The Pros of Prosocial

Topics: Social Emotional Learning, Health and Wellness

A classmate was having trouble with his math assignment, so Jamir helped him. Later, there was a mess on a lunchroom table, and Jamir cleaned it up without being asked to do so.

Jamir is a “prosocial” student. He is kind, encourages others, and works cooperatively. This might surprise the principal at his former school, where Jamir was often suspended for fighting and was failing academically. The school he attends now, however, improves student behavior through prosocial education, despite being located in a high-poverty neighborhood.

What Is Prosocial Education?

Prosocial education is a type of social-emotional learning (SEL) that focuses on promoting behavior that benefits others or improves harmony with others. Prosocial behaviors include comforting a peer, complimenting classmates, helping others with schoolwork, making sure everyone is included, settling disagreements, and sharing. It is the opposite of “antisocial” behavior such as bullying, denigrating, or cheating.

Prosocial education differs from SEL programs that focus on reducing misbehavior. Even if your school enacts a program that successfully reduces antisocial behaviors, it doesn’t necessarily mean that prosocial behavior will increase. Yet, the reverse is true: When you increase prosocial behavior, you can reduce antisocial behavior and increase achievement.

Research studies from preschool through high school indicate that the more prosocial a student is, the higher the student’s academic achievement tends to be. You might assume this is merely correlational—that cooperative students “do” school well. However, studies indicate that prosocial behavior might actually lead to higher achievement. When teachers help students improve their social skills, the students’ grades and test scores rise even when there is no academic aspect to the intervention.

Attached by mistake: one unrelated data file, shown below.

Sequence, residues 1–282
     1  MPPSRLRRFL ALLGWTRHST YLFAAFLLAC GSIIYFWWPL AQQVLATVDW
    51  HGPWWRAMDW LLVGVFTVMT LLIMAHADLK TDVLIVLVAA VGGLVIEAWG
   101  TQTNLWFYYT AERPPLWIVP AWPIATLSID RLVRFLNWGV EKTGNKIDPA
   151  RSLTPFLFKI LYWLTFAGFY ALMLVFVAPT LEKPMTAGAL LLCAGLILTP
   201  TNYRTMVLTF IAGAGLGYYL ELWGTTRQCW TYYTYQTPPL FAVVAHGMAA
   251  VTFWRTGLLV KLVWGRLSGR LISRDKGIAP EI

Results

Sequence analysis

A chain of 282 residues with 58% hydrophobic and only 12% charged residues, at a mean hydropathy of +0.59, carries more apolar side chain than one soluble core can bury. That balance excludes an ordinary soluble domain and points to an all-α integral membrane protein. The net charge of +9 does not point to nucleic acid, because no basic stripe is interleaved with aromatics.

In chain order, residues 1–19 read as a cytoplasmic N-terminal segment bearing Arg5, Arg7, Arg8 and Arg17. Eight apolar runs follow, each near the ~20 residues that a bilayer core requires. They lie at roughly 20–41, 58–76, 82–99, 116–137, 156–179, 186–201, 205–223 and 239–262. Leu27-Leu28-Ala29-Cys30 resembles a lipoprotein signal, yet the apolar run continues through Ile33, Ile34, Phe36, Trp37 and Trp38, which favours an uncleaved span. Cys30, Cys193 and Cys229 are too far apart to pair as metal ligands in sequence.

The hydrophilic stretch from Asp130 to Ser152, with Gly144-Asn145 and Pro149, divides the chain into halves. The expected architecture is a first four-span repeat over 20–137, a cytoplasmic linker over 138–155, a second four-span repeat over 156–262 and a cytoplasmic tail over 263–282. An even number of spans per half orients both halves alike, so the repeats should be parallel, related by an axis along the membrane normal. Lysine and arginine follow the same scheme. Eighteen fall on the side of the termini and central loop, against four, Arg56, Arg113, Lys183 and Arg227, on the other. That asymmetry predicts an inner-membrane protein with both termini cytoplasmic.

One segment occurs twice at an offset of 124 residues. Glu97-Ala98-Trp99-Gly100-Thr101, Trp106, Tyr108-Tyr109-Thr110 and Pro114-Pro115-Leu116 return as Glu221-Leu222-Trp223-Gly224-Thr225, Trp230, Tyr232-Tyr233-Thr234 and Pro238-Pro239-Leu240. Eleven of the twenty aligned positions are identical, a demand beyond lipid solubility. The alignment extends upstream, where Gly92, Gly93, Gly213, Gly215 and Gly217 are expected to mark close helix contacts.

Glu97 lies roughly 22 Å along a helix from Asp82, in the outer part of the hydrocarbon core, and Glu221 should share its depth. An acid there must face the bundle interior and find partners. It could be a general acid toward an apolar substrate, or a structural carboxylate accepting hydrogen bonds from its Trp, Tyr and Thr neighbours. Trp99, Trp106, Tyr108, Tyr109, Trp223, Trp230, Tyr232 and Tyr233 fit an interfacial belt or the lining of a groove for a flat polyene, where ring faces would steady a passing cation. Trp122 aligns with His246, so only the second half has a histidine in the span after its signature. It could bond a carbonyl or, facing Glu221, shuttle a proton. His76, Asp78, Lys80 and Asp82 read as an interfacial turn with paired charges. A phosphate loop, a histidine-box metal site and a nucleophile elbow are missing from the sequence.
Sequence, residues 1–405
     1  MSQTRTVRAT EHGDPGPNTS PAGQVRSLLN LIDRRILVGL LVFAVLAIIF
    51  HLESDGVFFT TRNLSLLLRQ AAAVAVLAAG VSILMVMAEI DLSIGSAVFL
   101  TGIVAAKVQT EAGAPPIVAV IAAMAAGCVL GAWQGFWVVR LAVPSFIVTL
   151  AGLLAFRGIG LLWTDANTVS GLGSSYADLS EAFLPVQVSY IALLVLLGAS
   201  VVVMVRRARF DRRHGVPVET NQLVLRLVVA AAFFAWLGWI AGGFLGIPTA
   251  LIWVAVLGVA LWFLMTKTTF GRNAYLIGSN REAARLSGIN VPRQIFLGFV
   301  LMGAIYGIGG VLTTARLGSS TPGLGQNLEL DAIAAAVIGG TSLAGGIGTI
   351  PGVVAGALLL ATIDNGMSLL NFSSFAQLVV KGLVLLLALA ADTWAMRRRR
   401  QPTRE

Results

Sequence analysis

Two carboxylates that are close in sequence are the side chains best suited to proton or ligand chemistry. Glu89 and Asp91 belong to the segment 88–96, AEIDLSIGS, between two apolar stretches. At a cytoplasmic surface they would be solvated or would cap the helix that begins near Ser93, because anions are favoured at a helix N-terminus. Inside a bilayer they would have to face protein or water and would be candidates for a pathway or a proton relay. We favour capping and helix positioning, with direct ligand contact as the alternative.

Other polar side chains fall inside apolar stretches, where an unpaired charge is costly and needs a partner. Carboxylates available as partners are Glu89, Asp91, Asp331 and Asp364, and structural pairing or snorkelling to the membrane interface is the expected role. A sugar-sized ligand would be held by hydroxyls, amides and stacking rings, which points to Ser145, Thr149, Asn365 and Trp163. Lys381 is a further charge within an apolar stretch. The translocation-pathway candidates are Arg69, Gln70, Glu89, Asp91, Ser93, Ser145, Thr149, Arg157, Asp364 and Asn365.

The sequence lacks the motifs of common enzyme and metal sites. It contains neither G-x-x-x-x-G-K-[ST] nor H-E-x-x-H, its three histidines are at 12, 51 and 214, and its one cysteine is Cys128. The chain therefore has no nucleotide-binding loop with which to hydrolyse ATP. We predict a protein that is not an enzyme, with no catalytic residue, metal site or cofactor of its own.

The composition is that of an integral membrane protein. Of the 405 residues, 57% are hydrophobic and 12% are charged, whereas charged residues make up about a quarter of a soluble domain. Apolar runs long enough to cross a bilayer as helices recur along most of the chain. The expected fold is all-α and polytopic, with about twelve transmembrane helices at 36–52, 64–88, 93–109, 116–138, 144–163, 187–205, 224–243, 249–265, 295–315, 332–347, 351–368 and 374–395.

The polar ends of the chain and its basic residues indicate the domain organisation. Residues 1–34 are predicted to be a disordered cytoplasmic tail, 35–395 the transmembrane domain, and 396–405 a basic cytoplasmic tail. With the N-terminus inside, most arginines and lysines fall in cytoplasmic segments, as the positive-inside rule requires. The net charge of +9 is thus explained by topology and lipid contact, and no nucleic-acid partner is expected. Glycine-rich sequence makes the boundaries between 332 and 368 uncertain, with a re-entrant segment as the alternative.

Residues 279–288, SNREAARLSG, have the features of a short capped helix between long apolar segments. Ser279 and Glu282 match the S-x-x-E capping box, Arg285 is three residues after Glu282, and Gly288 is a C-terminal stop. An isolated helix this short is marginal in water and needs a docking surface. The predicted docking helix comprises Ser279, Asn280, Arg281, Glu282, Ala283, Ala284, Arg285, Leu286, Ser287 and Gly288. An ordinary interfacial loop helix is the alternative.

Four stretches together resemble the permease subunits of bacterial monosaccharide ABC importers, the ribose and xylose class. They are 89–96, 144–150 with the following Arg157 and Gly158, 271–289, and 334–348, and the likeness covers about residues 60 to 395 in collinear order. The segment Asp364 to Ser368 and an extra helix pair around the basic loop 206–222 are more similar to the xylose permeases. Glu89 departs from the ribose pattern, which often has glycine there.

Research also suggests that if you place a student in a classroom with prosocial classmates, the student is more likely to earn higher grades and test scores than if the same student were placed in a less prosocial classroom. Furthermore, students who interact more with prosocial classmates become more helpful and cooperative themselves over time. Kindness is contagious.

Another exciting aspect of prosocial education is that it might help narrow the achievement and discipline gaps often associated with low-income and minority students. Prosocial education is not a substitute for resolving the social injustices that lead to such gaps, but it can provide at-risk students with safe spaces to learn.

Enhanced Positivity

It’s easy to imagine how a prosocial behavior such as helping another student with classwork can promote learning. But how do nonacademic kindnesses—cleaning a lunchroom table, carrying things for a teacher, showing a new student to the gym—promote learning? Research says that it does so by building positive emotions, social connections (teacher-​student and student-student relationships), and engagement in learning (Fig. 1).

Let’s examine each factor:

Positive emotions. When students behave prosocially toward one another, they feel positive emotions. As a result, prosocial students tend to be happy, cheerful individuals who help others become more positive. Positive emotions motivate students to learn, open themselves to new information, and participate in activities. When students experience positive emotions in the classroom, they become more creative, work harder, and persist through challenges.